Abstract

Plutonium (Pu), a key contaminant at sites associated with the manufacture of nuclear weapons and with nuclear-energy wastes, can be precipitated to "immobilized" plutonium phases in systems that promote bioreduction. Ferric iron (Fe3+) is often present in contaminated sites, and its bioreduction to ferrous iron (Fe2+) may be involved in the reduction of Pu to forms that precipitate. Alternately, Pu can be reduced directly by the bacteria. Besides Fe, contaminated sites often contain strong complexing ligands, such as nitrilotriacetic acid (NTA). We used biogeochemical modeling to interpret the experimental fate of Pu in the absence and presence of ferric iron (Fe3+) and NTA under anaerobic conditions. In all cases, Shewanella alga BrY (S. alga) reduced Pu(V)(PuO2 +) to Pu(III), and experimental evidence indicates that Pu(III) precipitated as PuPO4(am). In the absence of Fe3+ and NTA, reduction of PuO2 + was directly biotic, but modeling simulations support that PuO2 + reduction in the presence of Fe3+ and NTA was due to an abiotic stepwise reduction of PuO2 + to Pu4+, followed by reduction of Pu4+ to Pu3+, both through biogenically produced Fe2+. This means that PuO2 + reduction was slowed by first having Fe3+ reduced to Fe2+. Modeling results also show that the degree of PuPO4(am) precipitation depends on the NTA concentration. While precipitation out-competes complexation when NTA is present at the same or lower concentration than Pu, excess NTA can prevent precipitation of PuPO4(am).

Original languageEnglish (US)
Pages (from-to)921-929
Number of pages9
JournalBiodegradation
Volume22
Issue number5
DOIs
StatePublished - Sep 2011

Fingerprint

Nitrilotriacetic Acid
Plutonium
plutonium
Acids
acid
modeling
Iron
iron
Shewanella
Radioactive Waste
Nuclear Weapons
Nuclear Energy
Nuclear weapons
nuclear weapon
Algae
Complexation
complexation
Nuclear energy
anoxic conditions
ligand

Keywords

  • Bacterial reduction
  • Bioreduction
  • Iron
  • Modeling
  • NTA
  • Plutonium
  • Shewanella alga

ASJC Scopus subject areas

  • Environmental Engineering
  • Pollution
  • Environmental Chemistry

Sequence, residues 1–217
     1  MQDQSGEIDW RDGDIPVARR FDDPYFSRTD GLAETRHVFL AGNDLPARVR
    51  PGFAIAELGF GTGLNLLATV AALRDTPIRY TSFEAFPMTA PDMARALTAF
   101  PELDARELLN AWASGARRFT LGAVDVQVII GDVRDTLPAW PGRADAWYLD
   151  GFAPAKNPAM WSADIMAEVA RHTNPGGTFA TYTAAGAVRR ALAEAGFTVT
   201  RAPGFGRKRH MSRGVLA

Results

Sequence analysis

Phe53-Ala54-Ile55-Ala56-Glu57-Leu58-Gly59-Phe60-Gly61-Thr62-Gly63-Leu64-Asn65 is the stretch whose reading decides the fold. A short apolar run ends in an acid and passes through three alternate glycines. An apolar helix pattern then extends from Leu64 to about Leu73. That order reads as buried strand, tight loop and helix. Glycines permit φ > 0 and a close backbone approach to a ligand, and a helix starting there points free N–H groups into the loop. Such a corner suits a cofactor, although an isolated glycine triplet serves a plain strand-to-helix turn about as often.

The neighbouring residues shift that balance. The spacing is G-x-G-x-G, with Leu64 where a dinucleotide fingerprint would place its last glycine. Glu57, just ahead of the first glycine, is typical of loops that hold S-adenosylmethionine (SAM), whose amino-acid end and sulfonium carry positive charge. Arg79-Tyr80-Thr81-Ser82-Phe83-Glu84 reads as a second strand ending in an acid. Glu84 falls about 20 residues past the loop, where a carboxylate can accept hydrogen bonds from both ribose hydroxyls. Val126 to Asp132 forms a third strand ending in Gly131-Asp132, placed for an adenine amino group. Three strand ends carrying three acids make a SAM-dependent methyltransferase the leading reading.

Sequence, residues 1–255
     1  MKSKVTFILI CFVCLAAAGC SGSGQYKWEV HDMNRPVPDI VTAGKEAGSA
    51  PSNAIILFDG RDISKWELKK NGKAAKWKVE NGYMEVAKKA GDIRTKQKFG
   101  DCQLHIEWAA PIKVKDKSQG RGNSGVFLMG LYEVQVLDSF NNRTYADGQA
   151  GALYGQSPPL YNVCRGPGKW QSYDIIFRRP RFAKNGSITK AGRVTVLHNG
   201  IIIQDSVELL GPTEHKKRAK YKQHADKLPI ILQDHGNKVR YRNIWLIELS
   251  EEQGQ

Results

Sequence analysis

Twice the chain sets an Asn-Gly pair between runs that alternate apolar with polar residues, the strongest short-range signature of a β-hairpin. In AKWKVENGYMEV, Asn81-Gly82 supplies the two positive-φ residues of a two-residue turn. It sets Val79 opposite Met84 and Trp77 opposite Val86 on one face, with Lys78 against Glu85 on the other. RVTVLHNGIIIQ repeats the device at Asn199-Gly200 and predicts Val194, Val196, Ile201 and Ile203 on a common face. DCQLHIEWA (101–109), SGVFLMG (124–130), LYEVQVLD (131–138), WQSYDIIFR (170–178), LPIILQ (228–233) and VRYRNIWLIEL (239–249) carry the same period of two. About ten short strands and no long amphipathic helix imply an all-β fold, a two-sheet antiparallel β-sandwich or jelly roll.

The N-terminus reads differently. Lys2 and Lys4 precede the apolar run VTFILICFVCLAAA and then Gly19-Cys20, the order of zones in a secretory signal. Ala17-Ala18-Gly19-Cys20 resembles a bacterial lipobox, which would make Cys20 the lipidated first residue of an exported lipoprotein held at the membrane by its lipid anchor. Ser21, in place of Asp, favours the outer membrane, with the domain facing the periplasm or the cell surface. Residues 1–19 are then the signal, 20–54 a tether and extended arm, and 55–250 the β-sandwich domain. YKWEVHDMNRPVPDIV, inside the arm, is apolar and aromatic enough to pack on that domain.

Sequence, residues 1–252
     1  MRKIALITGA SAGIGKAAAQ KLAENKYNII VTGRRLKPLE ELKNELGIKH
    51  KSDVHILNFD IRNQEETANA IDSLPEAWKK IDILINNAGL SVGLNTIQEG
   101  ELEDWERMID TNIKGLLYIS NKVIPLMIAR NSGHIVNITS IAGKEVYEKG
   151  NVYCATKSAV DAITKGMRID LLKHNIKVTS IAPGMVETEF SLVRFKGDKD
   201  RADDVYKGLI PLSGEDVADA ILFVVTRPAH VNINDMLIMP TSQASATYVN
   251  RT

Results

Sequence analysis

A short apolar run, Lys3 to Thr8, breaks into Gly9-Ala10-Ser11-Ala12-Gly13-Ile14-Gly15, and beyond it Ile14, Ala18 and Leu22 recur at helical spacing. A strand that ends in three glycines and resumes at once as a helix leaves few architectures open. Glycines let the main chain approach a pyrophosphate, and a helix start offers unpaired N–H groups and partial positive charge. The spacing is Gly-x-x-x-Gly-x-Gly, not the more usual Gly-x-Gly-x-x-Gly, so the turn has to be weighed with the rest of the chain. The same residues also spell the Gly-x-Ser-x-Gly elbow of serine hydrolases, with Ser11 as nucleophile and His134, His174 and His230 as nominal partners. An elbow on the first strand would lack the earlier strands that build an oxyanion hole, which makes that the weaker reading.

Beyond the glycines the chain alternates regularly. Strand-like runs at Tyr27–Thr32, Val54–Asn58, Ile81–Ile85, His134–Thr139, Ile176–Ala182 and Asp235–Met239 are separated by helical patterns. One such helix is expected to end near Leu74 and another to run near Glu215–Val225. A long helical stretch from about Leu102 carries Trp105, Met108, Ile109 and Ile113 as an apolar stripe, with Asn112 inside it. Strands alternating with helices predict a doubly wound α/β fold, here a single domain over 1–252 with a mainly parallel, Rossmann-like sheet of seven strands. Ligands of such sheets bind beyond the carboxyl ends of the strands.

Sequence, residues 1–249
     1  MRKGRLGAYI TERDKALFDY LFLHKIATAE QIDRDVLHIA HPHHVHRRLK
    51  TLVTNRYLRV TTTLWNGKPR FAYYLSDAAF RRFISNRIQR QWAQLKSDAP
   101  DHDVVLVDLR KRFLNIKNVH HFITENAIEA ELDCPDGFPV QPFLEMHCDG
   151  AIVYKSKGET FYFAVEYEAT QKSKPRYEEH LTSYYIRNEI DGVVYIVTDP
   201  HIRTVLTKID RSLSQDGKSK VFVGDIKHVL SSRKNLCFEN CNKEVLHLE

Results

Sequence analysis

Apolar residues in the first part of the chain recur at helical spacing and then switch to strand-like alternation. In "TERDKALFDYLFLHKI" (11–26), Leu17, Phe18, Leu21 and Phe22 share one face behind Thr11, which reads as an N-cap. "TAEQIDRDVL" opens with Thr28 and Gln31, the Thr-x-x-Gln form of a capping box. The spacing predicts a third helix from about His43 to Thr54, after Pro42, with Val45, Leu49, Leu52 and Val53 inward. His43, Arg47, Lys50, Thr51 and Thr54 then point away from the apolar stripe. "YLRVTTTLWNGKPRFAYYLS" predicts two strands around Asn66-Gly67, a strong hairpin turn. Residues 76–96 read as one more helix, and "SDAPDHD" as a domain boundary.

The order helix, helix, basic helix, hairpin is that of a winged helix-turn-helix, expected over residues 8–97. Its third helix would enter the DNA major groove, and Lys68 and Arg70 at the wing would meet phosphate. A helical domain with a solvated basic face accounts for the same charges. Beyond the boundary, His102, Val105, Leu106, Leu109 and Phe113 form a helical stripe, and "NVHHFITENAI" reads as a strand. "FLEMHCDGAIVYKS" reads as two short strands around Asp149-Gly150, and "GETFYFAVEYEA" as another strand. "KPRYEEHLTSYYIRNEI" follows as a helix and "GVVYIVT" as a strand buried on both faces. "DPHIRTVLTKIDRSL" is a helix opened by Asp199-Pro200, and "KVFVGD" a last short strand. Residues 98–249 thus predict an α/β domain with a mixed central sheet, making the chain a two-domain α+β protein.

• Microbiology
  • Bioengineering

Cite this

Bacterial Pu(V) reduction in the absence and presence of Fe(III)-NTA : Modeling and experimental approach. / Deo, Randhir P.; Rittmann, Bruce; Reed, Donald T.

In: Biodegradation, Vol. 22, No. 5, 09.2011, p. 921-929.

Research output: Contribution to journalArticle

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N2 - Plutonium (Pu), a key contaminant at sites associated with the manufacture of nuclear weapons and with nuclear-energy wastes, can be precipitated to "immobilized" plutonium phases in systems that promote bioreduction. Ferric iron (Fe3+) is often present in contaminated sites, and its bioreduction to ferrous iron (Fe2+) may be involved in the reduction of Pu to forms that precipitate. Alternately, Pu can be reduced directly by the bacteria. Besides Fe, contaminated sites often contain strong complexing ligands, such as nitrilotriacetic acid (NTA). We used biogeochemical modeling to interpret the experimental fate of Pu in the absence and presence of ferric iron (Fe3+) and NTA under anaerobic conditions. In all cases, Shewanella alga BrY (S. alga) reduced Pu(V)(PuO2 +) to Pu(III), and experimental evidence indicates that Pu(III) precipitated as PuPO4(am). In the absence of Fe3+ and NTA, reduction of PuO2 + was directly biotic, but modeling simulations support that PuO2 + reduction in the presence of Fe3+ and NTA was due to an abiotic stepwise reduction of PuO2 + to Pu4+, followed by reduction of Pu4+ to Pu3+, both through biogenically produced Fe2+. This means that PuO2 + reduction was slowed by first having Fe3+ reduced to Fe2+. Modeling results also show that the degree of PuPO4(am) precipitation depends on the NTA concentration. While precipitation out-competes complexation when NTA is present at the same or lower concentration than Pu, excess NTA can prevent precipitation of PuPO4(am).

AB - Plutonium (Pu), a key contaminant at sites associated with the manufacture of nuclear weapons and with nuclear-energy wastes, can be precipitated to "immobilized" plutonium phases in systems that promote bioreduction. Ferric iron (Fe3+) is often present in contaminated sites, and its bioreduction to ferrous iron (Fe2+) may be involved in the reduction of Pu to forms that precipitate. Alternately, Pu can be reduced directly by the bacteria. Besides Fe, contaminated sites often contain strong complexing ligands, such as nitrilotriacetic acid (NTA). We used biogeochemical modeling to interpret the experimental fate of Pu in the absence and presence of ferric iron (Fe3+) and NTA under anaerobic conditions. In all cases, Shewanella alga BrY (S. alga) reduced Pu(V)(PuO2 +) to Pu(III), and experimental evidence indicates that Pu(III) precipitated as PuPO4(am). In the absence of Fe3+ and NTA, reduction of PuO2 + was directly biotic, but modeling simulations support that PuO2 + reduction in the presence of Fe3+ and NTA was due to an abiotic stepwise reduction of PuO2 + to Pu4+, followed by reduction of Pu4+ to Pu3+, both through biogenically produced Fe2+. This means that PuO2 + reduction was slowed by first having Fe3+ reduced to Fe2+. Modeling results also show that the degree of PuPO4(am) precipitation depends on the NTA concentration. While precipitation out-competes complexation when NTA is present at the same or lower concentration than Pu, excess NTA can prevent precipitation of PuPO4(am).

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